Friday, May 04, 2007

Slicing the Identity Pyramid

Following on from a brief sojourn into topicality, maybe it is time to reconsider what exactly we are trying to do when we talk about identity checks or, more technically, identity assertion and verification (which are two different things, something that regularly eludes the 'biometrics will solve everything' brigade.)

At a very basic level, I am trying to do something that you want some people (of whom I may or may not be a member) but not everybody, to be able to do. Conversely, if you don't want anybody to be able to do it or if everybody can without restriction, identity checking is superfluous.

Let's look at a few examples, and then return to the basics.

Tickets: these often do not have your name on them but increasingly they do. Why? Well, in the case of common or garden train tickets, or even carnets, all the identity provider is interested is in obtaining their revenue. They don't care who you are (because there is minimal economic incentive in their collecting that knowledge and no regulatory insistence that they must) and, even, often don't mind if you share your carnet with a work colleague (as I often do). Where there is a name - for example airlines and sporting or entertainment events - this is because there is a clear incentive for them to link the ticket to a particular claimed identity. There is no real assertion of identity and the only verification / validation is that the token has not been used before.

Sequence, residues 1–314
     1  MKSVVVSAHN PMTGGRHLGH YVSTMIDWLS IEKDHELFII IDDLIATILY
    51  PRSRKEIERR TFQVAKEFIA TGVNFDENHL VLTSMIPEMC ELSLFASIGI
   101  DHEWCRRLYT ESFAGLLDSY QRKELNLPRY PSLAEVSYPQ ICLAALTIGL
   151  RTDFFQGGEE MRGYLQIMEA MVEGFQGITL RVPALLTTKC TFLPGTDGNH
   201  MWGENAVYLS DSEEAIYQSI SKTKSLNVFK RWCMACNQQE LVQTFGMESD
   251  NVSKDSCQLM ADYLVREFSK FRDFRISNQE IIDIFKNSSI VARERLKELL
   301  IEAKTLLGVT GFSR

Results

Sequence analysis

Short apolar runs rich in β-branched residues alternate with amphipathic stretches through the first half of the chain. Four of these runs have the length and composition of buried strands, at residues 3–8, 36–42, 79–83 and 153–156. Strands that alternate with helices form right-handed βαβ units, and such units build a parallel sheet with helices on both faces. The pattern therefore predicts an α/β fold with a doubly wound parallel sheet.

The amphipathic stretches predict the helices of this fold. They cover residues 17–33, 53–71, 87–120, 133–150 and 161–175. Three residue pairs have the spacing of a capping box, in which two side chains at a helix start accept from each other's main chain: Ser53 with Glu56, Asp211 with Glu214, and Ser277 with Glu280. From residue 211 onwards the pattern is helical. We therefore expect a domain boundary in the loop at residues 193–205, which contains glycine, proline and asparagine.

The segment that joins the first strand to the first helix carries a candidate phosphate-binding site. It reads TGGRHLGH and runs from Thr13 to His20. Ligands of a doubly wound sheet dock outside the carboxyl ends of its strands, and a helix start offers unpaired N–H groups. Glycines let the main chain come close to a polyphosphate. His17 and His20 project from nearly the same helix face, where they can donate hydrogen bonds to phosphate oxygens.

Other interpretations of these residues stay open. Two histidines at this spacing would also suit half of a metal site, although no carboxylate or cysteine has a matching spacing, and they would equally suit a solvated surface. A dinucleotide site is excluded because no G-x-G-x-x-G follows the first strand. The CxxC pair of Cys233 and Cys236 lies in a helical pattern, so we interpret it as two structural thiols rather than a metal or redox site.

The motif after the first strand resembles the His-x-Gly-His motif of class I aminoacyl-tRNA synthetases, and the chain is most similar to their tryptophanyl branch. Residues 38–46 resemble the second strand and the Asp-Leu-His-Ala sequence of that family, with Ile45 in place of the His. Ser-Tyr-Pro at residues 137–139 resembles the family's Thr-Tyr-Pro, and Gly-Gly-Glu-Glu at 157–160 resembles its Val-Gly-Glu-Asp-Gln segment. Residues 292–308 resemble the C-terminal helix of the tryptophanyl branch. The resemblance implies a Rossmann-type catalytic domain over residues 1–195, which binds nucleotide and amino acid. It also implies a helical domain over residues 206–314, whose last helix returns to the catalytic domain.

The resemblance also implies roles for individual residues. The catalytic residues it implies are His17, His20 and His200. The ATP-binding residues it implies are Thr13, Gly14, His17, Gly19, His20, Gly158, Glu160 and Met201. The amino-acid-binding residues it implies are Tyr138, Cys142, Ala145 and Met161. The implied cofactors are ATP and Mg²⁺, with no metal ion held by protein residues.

In the case of the no-frills airlines, this is because their pricing structures are sufficiently obscure and highly variable that it is possible for outsiders to engage in profitable arbitrage. You buy future dated tickets for a busy route, taking advantage of the cheap deals available with sufficient notice and sell these, closer to the date, to somebody with less ability to forward plan. Having a name on the ticket and requiring you to show official ID renders this impractical (hence the large charges for, or forbidding of, changing the name on a booking.) Here the assertion of identity is at the point of ticket purchase (which can easily go wrong, although this example was a date rather than a name error) and the verification is at the presentation of official ID and the comparison of the names.